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Aug 16, 2009

19-month old baby & pacifier: one step forward or one step back?

Our 19-month old baby has always loved his pacifier(s). In the early days (as soon as 5 days old), we felt that it was a good relief since he would be able to calm his newborn emotions quickly as soon as we gave him the pacifier. We also thought that, by using the pacifier, Daniel would avoid sucking his finger with all the advantages that this represents.
Over time, the pacifier became one of the most important objects in Daniel's life: one of the first 5 words he learned to speak ("tetine" in French), and the only cuddle object he would want when going to sleep (except that he needs 4-5 at the same time, since he needs to have some in his hands as well to fall asleep). We tried replacing the pacifier with teddy bears, cuddle blankets, etc... without success.

Over the last several months, we had managed to limit the use of the pacifier to the sleeping time. Daniel was only allowed the pacifier in his crib, and he understands that he needs to leave the pacifier behind when getting up. We were moving towards the right direction.
Interestingly, over the last few weeks, Daniel has started to ask for his pacifier during the day again. He is even ready to go back to his crib outside of his sleeping times, just to be able to get the comfort of his pacifier. He never falls asleep, just rolls happily in his crib, talking to himself and playing with the many pacifiers around him. He is usually ready to get out of bed after 10 minutes, but this happens 4-5 times a day!

This is a little bit of a concern for us. Are we moving backward?
We asked Daniel's daycare providers if they had seen a similar behavior at daycare. They confirmed the trend. While the cots they use for nap are not available outside of nap time, Daniel now asks for his pacifier during the day and he proactively goes to rest on a pillow with it.
Daniel's teachers are not too worried so far, though. They observed that Daniel only asks for his pacifier when he is upset and when he needs to calm down. This is true at home too. Their explanation is that Daniel is developing self-awareness and that he knows that his pacifier is a tool for him to get over his emotions. Instead of throwing tantrums, he might just ask for his pacifiers to process frustrations.
This is a neat explanation, and I hope it is correct. This would mean progress, right? It would be great if this phase with the pacifier was a replacement to the tantrum phase for Daniel. I am not eager to experience tantrums, although we have seen a few of them already. We probably won't be able to avoid it alltogether.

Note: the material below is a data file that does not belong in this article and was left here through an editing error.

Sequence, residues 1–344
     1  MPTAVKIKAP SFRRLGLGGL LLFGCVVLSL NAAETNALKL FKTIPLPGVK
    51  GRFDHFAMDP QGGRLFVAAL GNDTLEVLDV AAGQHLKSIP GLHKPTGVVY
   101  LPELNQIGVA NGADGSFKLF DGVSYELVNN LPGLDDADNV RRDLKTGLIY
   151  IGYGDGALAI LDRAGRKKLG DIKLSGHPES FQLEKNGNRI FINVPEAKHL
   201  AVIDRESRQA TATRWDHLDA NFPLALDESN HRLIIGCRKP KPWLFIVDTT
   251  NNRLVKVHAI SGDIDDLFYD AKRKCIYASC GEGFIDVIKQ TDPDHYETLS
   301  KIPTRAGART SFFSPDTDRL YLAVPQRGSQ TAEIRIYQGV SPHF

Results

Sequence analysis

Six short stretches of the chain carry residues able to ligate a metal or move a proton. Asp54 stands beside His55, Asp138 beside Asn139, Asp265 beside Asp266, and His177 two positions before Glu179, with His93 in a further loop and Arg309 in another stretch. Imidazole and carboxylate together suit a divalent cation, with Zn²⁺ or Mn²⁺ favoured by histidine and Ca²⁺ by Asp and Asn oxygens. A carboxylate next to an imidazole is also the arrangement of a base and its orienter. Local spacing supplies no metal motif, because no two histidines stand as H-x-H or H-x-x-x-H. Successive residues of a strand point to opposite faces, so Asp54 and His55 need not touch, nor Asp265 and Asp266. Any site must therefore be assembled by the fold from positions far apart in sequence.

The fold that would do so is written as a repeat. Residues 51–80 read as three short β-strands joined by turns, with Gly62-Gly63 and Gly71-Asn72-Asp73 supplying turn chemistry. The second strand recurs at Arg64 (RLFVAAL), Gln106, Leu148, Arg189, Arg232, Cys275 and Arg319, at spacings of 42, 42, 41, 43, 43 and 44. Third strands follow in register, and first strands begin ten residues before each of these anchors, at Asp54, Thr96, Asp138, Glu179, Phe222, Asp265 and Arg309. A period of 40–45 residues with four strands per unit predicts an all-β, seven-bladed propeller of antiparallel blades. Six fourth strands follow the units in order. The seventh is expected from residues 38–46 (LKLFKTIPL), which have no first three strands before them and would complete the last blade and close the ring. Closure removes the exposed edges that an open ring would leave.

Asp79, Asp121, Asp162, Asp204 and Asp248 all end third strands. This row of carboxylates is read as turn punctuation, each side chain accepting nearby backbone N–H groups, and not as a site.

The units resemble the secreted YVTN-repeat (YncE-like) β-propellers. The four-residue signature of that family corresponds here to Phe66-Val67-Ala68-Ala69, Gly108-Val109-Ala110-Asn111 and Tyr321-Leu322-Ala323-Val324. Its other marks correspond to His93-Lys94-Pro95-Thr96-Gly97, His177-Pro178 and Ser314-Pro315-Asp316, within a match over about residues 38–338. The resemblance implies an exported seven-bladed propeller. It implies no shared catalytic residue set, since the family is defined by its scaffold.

In any case, what I really hope is that, as soon as Daniel has gotten better at processing frustration, he might be able to stop using pacifiers. This would be great. Wondering how long we have to wait?

Has anyone else experience the same toddler behavior? How did you handle it?

3 comments:

  1. I think we are going to experience the same thing soon, except it's not the pacifier, it's D's thumb. I remember thinking: finally, she learned how to suck her thumb! And soon she was able to communicate when she was tired and hungry to us by sucking her thumb. I also notice she sucks on it when she's upset or stressed out over something. But I'm afraid that we're going to have to take drastic measures if she doesn't outgrow this behavior, like sprinking hot chili powder on her thumb (which is what my mom did to my brother and me)! Alas, I just try to remember that this too, shall pass...

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  2. hallo isabelle . i was born and raised in Greece. I have a 19 month old son who is too in love with his pacifiers . I am also fluent in three languages english , german and italian. I am also trying to make my son fluent in english . I speak to him only in english . My name is Ioanna and i would love to talk with you about the difficulties of raising a bilingual child.

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  3. Hi Ioanna,

    Thanks for visiting and for your note. I would love to share experiences on raising bilingual kids. Sounds like you are in a similar situation as me. Do you have a blog? If not, feel free to contact me over email at isabelle AT isabelles DOT net. Thanks

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